Also, if you have to tell people you're mature, you're not mature.


  7. OG Member
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    #7
    I have never met a teenager (and that's what you both still are) that thinks they are immature and making wild decisions. Just because you feel passionately about this relationship now doesn't mean that that won't change with time. You said yourself you haven't been together long so you're still in the honeymoon phase, if you're going to be with this guy for the rest of your lives then you have the rest of your lives to worry about getting married. You should both experience life as adults and figure out who YOU are not who you are in this relationship. Take your time, enjoy dating and deal with issues as they arise in the relationship and get to know each other better, once you know your relationship is truly solid then start talking about marriage.


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    #8
    If you want to be a divorced single mother when most of your friends are graduating college, by all means marry this guy.
  9. Senior Member
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    #9
    Well my oldest will be 16 in March so I'll probably come across in a mom way....and I'll tell you what I tell her.

    Anyways, wait. Y'all very well may be mature (I don't know either of you so really cannot say either way from what I currently know) but that doesn't mean getting married or even to each other is the right decision for either of you. Focus on what both of you have going on. Enjoy being young and free. Enjoy being with and getting to know each other free from adult responsibilities, especially decisions that require you to work through with someone else. This is your time to focus on you and be selfish. Don't deprive yourself of that. This is your time to learn about yourself and the world....to get experience and wisdom. All of this will only make each other better people and able to make sound decisions that are best for each of you. And I always tell my daughter to get a degree/work experience to be able to take care of herself. I know you don't want to think anything bad would happen but you will never regret being able to stand on your own two feet and take care of yourself (and any kids you may one day have). You may not need to do this because of divorce either, something could happen to your SO. You just never know. But nobody can ever take away your education.

    Also, if you've discussed this with your parents and/or his don't be quick to dismiss them. They don't want to hurt you or see you hurt. They want to see you succeed and do well. Just keep that in mind and that maybe, just maybe, they have knowledge to don't yet have. Therefore, they can see further out and how certain things can impact you.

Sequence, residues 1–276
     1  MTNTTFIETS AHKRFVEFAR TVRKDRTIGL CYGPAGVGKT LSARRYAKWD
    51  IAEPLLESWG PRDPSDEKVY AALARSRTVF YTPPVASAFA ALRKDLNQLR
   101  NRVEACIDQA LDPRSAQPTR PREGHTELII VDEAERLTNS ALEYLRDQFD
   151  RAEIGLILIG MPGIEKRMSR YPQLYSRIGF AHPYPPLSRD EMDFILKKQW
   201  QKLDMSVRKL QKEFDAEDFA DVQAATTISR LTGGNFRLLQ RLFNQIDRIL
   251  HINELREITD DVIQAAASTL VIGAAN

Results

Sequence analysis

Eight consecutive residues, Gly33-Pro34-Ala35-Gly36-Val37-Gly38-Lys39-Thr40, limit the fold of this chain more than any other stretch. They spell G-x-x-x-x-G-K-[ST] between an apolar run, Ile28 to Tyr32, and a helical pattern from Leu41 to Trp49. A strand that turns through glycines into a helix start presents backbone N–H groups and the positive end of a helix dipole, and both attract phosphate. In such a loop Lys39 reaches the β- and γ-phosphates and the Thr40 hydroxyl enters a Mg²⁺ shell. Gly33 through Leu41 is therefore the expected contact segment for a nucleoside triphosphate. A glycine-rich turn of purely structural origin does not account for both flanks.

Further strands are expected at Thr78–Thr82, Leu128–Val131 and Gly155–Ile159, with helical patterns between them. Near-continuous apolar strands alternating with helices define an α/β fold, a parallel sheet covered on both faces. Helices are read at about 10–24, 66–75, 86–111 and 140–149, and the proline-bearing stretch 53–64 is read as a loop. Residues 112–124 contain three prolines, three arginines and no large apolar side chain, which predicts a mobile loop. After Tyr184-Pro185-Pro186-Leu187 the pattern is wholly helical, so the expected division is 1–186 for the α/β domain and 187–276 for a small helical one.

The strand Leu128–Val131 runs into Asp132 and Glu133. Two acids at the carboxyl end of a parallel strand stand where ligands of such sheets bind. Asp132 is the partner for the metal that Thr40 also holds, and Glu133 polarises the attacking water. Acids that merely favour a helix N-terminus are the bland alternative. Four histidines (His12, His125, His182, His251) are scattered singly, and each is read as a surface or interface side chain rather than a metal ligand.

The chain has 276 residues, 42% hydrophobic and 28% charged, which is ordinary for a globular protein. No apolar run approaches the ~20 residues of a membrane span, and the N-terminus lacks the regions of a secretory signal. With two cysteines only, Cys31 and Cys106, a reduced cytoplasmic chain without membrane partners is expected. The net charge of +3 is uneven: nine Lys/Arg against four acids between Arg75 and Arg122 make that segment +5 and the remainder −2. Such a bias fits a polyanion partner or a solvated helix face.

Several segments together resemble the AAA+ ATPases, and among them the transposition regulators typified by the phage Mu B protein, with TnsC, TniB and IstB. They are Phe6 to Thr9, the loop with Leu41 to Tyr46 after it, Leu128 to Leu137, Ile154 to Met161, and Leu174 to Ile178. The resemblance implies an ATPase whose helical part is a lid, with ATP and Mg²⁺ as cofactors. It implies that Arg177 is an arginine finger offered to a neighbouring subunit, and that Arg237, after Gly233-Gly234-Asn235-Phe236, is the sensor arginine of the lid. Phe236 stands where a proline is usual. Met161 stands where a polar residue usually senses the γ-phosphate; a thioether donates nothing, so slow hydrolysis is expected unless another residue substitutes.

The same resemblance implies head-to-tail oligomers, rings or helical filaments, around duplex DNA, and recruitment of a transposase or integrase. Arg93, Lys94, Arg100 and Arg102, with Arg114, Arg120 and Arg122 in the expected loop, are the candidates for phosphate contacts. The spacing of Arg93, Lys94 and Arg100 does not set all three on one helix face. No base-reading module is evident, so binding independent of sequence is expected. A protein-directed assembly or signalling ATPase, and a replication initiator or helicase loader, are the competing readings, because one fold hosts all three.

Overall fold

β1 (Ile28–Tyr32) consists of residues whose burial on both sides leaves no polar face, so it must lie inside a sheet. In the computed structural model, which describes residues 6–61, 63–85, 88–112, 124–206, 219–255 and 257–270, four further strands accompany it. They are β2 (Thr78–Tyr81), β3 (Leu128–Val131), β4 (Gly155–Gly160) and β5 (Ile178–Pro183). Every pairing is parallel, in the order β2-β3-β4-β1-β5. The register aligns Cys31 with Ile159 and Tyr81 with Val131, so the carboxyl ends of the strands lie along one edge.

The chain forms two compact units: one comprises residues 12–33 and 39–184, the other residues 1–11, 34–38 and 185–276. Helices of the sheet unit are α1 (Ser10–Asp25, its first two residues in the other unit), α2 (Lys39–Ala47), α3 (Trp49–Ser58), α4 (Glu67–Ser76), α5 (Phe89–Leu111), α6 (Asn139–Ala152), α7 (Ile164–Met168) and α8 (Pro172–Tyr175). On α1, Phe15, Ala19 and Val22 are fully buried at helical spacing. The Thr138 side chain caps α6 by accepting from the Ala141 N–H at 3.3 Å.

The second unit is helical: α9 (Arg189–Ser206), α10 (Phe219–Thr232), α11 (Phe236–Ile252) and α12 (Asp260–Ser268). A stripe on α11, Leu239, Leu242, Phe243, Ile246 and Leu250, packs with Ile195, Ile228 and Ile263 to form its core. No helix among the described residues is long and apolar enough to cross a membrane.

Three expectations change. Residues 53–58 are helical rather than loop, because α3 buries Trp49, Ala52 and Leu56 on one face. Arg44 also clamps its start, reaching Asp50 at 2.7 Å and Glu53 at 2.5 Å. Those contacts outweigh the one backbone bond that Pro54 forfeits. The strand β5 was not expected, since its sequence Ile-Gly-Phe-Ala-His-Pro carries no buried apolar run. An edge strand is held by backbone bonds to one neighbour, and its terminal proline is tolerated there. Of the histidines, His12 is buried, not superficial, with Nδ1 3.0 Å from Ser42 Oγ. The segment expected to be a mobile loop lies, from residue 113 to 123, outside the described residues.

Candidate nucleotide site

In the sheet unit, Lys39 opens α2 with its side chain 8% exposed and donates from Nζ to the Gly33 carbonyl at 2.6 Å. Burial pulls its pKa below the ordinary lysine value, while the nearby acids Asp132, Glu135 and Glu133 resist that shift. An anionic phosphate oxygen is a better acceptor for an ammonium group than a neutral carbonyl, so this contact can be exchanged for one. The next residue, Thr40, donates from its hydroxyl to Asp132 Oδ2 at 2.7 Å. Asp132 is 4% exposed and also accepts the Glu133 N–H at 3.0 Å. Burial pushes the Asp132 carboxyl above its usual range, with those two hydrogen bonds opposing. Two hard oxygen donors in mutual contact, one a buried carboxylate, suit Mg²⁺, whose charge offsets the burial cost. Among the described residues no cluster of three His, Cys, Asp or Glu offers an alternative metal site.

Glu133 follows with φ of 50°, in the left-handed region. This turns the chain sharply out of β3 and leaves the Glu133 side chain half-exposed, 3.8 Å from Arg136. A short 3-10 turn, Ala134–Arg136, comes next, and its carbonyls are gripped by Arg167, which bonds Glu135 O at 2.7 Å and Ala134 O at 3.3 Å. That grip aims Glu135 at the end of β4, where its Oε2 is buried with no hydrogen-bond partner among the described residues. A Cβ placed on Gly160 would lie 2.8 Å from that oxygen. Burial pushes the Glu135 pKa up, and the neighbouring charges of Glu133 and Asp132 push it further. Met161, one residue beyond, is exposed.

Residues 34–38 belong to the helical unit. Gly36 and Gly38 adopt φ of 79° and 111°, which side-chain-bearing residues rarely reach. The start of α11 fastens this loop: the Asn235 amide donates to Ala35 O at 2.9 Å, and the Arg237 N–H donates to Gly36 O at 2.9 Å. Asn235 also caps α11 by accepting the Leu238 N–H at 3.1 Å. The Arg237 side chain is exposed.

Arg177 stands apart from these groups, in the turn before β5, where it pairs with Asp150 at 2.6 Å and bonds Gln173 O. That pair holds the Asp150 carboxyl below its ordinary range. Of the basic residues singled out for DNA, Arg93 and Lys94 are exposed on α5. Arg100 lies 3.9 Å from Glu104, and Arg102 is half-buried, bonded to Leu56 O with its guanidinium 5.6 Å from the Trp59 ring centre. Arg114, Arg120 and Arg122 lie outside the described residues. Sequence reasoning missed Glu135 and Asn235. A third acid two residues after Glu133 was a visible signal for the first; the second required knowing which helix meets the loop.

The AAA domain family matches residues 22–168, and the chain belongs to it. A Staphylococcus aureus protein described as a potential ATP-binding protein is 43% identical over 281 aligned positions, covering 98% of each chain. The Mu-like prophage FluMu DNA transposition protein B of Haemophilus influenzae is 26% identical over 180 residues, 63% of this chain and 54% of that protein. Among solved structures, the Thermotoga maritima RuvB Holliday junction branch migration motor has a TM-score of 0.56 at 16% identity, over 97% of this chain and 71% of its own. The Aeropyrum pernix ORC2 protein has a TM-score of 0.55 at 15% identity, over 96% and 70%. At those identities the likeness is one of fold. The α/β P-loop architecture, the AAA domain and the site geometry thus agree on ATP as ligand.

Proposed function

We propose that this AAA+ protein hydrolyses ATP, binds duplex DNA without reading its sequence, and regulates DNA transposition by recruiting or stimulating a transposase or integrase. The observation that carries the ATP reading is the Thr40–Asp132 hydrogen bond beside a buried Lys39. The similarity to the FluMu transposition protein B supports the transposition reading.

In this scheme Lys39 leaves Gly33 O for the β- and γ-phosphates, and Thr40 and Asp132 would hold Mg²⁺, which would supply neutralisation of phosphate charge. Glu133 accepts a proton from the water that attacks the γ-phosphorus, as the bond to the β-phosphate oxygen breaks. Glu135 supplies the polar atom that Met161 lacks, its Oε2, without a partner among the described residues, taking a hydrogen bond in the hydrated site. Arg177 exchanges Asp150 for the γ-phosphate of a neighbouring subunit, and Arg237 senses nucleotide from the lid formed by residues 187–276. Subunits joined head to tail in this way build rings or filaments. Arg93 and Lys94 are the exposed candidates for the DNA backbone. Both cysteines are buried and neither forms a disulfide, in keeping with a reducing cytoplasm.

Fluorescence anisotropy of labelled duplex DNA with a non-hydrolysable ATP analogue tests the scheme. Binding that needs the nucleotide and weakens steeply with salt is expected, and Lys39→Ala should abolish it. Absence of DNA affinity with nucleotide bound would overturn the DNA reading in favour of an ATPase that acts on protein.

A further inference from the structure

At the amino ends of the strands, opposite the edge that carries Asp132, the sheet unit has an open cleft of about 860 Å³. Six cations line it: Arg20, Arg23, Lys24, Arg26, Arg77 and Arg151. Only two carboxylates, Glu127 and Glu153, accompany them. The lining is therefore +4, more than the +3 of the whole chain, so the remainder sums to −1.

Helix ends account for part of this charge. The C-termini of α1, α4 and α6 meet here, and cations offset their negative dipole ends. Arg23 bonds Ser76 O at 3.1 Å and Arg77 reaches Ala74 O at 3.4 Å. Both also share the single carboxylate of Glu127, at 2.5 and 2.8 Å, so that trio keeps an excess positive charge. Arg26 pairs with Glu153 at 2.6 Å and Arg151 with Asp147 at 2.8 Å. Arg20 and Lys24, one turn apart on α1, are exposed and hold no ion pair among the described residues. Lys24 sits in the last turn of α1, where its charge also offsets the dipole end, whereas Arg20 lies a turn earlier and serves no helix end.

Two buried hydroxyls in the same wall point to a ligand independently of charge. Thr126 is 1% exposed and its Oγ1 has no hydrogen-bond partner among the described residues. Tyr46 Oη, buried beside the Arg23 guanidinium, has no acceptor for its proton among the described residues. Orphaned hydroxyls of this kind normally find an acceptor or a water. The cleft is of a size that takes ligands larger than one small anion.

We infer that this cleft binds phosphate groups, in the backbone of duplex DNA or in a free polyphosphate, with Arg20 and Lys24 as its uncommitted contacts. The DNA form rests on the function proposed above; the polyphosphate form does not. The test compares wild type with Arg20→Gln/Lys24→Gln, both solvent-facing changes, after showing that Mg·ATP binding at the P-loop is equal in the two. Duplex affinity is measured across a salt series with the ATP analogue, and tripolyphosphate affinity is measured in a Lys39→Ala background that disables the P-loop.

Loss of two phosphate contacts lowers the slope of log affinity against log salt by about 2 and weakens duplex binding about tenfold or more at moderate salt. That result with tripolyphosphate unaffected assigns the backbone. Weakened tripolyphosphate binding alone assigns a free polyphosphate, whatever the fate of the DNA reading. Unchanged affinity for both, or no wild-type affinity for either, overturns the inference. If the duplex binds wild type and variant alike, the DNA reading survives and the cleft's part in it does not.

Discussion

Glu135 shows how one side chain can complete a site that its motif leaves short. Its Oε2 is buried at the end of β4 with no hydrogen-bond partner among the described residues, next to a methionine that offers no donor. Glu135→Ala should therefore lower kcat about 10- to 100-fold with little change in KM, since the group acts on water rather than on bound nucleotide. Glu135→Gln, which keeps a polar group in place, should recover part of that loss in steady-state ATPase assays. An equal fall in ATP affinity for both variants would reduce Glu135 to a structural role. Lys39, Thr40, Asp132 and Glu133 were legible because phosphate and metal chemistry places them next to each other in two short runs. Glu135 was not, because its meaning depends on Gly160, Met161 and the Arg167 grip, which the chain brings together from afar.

ETA: Oh and btw, I was pregnant with my oldest at 18, married at 19, and spent my college years as a young married mother. My husband was in the Navy for a lot of that so I spent over 2 years of that time with him gone on underways, school, and 2 deployments. And we lived 14 hours away from our hometown so nowhere near anyone I knew--in other words, no help.
  10. Senior Member
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    #10
    It literally takes more than just love to have a successful marriage,and honestly nobody really tells you that.

    There are people out there who still love each other and ultimately divorce.

    Take time to grow as,an individual first with needs and goals. I too literally jumped from my mom's house to living with my husband at 19, and I'm still maturing as a person even with bills, a baby, and a marriage to nurture. It has taken me awhile to establish what I want out of relationship; and I was temporarily disheartened to find out that there are certain things that my hubby isnt as enthusiastic about that i am overly passionate of exploring/experiencing. You will continue to change as a person at your age and just because things are great now doesn't mean you will be fine with the things that are yet to come in your relationship. One of you can fall sick or suffer an injury (dealbreaker) if the other feels this is not the life they imagined, being a 20 year service member is a dealbreaker to some later in life; it may be too stressful of a career path for the other spouse (same goes for other certain career paths that may even keep you in the office for even 12 hrs a day multiple times a week, differences on having a child or not is also a (dealbreaker) cause to make people rethink their relationship with that person.


    Oh and BTW the example I used was travelling in mind, he would love to travelling, he's just less enthusiastic about it because he doesn't have that good of memory about stuff outside of his job. But it hurt when I initially realized his view on travelling without that additional information though. Now I understand and we came up with solutions together to not make the situation painful for us both for when we do travel together.
    Last edited by TriggerHappy; 01-29-2017 at 03:46 AM. Reason: Changed wording